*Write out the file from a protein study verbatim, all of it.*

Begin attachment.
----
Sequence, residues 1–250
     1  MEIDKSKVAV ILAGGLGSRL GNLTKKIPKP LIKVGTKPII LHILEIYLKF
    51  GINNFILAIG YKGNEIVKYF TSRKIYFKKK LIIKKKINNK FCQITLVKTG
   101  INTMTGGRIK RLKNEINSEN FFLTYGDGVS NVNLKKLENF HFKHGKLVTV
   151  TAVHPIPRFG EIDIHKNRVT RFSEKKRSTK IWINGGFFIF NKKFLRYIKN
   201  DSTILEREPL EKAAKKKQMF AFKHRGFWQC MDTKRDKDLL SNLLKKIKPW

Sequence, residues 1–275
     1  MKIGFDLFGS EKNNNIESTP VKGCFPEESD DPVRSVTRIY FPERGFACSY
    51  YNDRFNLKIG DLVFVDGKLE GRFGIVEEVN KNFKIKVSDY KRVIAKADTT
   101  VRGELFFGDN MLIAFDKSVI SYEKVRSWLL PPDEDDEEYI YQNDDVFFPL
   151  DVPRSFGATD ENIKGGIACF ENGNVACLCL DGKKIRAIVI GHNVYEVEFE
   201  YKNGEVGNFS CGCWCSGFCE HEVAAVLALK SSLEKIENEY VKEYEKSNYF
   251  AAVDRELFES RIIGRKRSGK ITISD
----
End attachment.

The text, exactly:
Sequence, residues 1–250
     1  MEIDKSKVAV ILAGGLGSRL GNLTKKIPKP LIKVGTKPII LHILEIYLKF
    51  GINNFILAIG YKGNEIVKYF TSRKIYFKKK LIIKKKINNK FCQITLVKTG
   101  INTMTGGRIK RLKNEINSEN FFLTYGDGVS NVNLKKLENF HFKHGKLVTV
   151  TAVHPIPRFG EIDIHKNRVT RFSEKKRSTK IWINGGFFIF NKKFLRYIKN
   201  DSTILEREPL EKAAKKKQMF AFKHRGFWQC MDTKRDKDLL SNLLKKIKPW

Sequence, residues 1–275
     1  MKIGFDLFGS EKNNNIESTP VKGCFPEESD DPVRSVTRIY FPERGFACSY
    51  YNDRFNLKIG DLVFVDGKLE GRFGIVEEVN KNFKIKVSDY KRVIAKADTT
   101  VRGELFFGDN MLIAFDKSVI SYEKVRSWLL PPDEDDEEYI YQNDDVFFPL
   151  DVPRSFGATD ENIKGGIACF ENGNVACLCL DGKKIRAIVI GHNVYEVEFE
   201  YKNGEVGNFS CGCWCSGFCE HEVAAVLALK SSLEKIENEY VKEYEKSNYF
   251  AAVDRELFES RIIGRKRSGK ITISD